The data points that were used in this trial were already sitting on the bank’s servers, albeit in various departments, which demonstrates that with the right application, existing data resource can be made to work harder to provide a competitive edge that affects the bottom line.

Getting on the Data Analytics Brand Wagon without Big Problems

A common concern we hear from CIOs is that investing in data analytics puts additional stress and demands on the existing resource.

While there are many black box solutions available from big data companies, they are generally expensive and create dependency on the vendors for support and expertise.

However, some forward-looking businesses are changing their starting point from buying big infrastructure and software investments into staff training.

Investments should always start with a ‘knowledge first’ approach and end with software and hardware. Before embarking on the data analytics journey, organisations should think about:

  1. Making employees data scientists

Invest in training. Have people in your organisation who are familiar with your own processes and making them aware of the possibilities, is the first and most important step to start this journey.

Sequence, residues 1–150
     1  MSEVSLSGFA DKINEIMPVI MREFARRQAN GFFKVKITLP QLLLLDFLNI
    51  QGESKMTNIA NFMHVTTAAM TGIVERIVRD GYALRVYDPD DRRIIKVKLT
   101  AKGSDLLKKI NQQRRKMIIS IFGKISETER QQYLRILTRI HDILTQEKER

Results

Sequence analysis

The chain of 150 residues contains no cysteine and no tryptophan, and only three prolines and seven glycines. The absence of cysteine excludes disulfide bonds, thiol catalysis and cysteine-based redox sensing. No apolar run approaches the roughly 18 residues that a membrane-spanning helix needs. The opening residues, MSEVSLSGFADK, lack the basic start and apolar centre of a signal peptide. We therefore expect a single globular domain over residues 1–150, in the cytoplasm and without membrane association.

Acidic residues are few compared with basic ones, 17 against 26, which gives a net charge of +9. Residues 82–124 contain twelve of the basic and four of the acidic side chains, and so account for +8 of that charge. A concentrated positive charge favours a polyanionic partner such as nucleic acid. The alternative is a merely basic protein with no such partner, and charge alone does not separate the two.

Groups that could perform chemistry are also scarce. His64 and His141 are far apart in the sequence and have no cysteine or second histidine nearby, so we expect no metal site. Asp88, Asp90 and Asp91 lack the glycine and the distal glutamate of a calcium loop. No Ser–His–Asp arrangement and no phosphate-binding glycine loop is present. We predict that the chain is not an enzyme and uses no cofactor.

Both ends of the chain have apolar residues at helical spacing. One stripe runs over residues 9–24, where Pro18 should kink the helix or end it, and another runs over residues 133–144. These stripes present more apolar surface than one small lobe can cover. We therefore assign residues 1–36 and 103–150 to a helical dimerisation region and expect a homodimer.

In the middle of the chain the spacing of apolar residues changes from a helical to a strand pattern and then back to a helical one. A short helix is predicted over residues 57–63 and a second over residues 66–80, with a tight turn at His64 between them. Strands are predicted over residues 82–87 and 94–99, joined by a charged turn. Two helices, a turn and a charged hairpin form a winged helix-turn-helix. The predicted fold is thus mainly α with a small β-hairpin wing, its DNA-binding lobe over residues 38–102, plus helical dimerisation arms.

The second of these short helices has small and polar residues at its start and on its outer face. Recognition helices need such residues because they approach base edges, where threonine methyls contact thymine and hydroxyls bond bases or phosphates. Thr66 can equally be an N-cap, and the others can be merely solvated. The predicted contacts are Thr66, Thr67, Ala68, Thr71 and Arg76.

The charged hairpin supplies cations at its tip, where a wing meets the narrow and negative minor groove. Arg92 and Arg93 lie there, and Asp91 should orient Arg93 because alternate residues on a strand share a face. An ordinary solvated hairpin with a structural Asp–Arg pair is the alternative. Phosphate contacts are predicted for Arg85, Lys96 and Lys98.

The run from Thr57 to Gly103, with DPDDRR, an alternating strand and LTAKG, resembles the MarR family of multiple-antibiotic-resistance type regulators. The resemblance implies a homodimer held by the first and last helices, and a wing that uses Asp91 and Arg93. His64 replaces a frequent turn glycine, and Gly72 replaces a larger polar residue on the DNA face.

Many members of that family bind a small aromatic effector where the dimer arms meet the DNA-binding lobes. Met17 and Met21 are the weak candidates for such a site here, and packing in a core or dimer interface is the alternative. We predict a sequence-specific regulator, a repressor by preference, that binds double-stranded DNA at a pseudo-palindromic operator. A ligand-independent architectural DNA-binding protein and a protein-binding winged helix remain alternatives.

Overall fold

1. Getting the right data for your needs

As mentioned earlier, many organisations already collect large volumes of data that can be used in data analytics and social scoring. Look at existing data and determine what you need to arrive at and the insights you can derive.

  1. Develop software that fits your specific needs

It is much better to create bespoke solutions that meet specific business needs. Every organisation has its own unique requirements, and having a software system that is customised to your needs will increase the productivity of your data.

  1. Ensure that organisational processes support the new model

Data analytics is more than a solution to a business problem. It is really about how to think differently. More importantly, to ensure that this new way of thinking continues to reap rewards. This will make it a cost effective exercise without big problems.

Author Credits: Aydin Ilhan, Founder and CEO, SunCaged Analytics

Aydin’s 15-year career in the banking industry has spanned stints in Corporate and Retail Banking, Portfolio Management, Risk Management and Business Consulting. An economist by training, he is a specialist in applying analytics and market intelligence to business. Since 2012, he has focused on developing business in Southeast Asia.

Singapore’s aspirations to become a global hub for big data, business analytics and solid business infrastructure led Aydin to start SunCaged Analytics in May 2013.

A strong advocate of using data-driven insights to drive business decisions, he currently consults with local businesses and MNCs based on data analytics techniques. Aydin is also the lead consultant in Asia for Bayes Forecast, a global consulting firm.

Also read: What It Takes to be an HR Data Analyst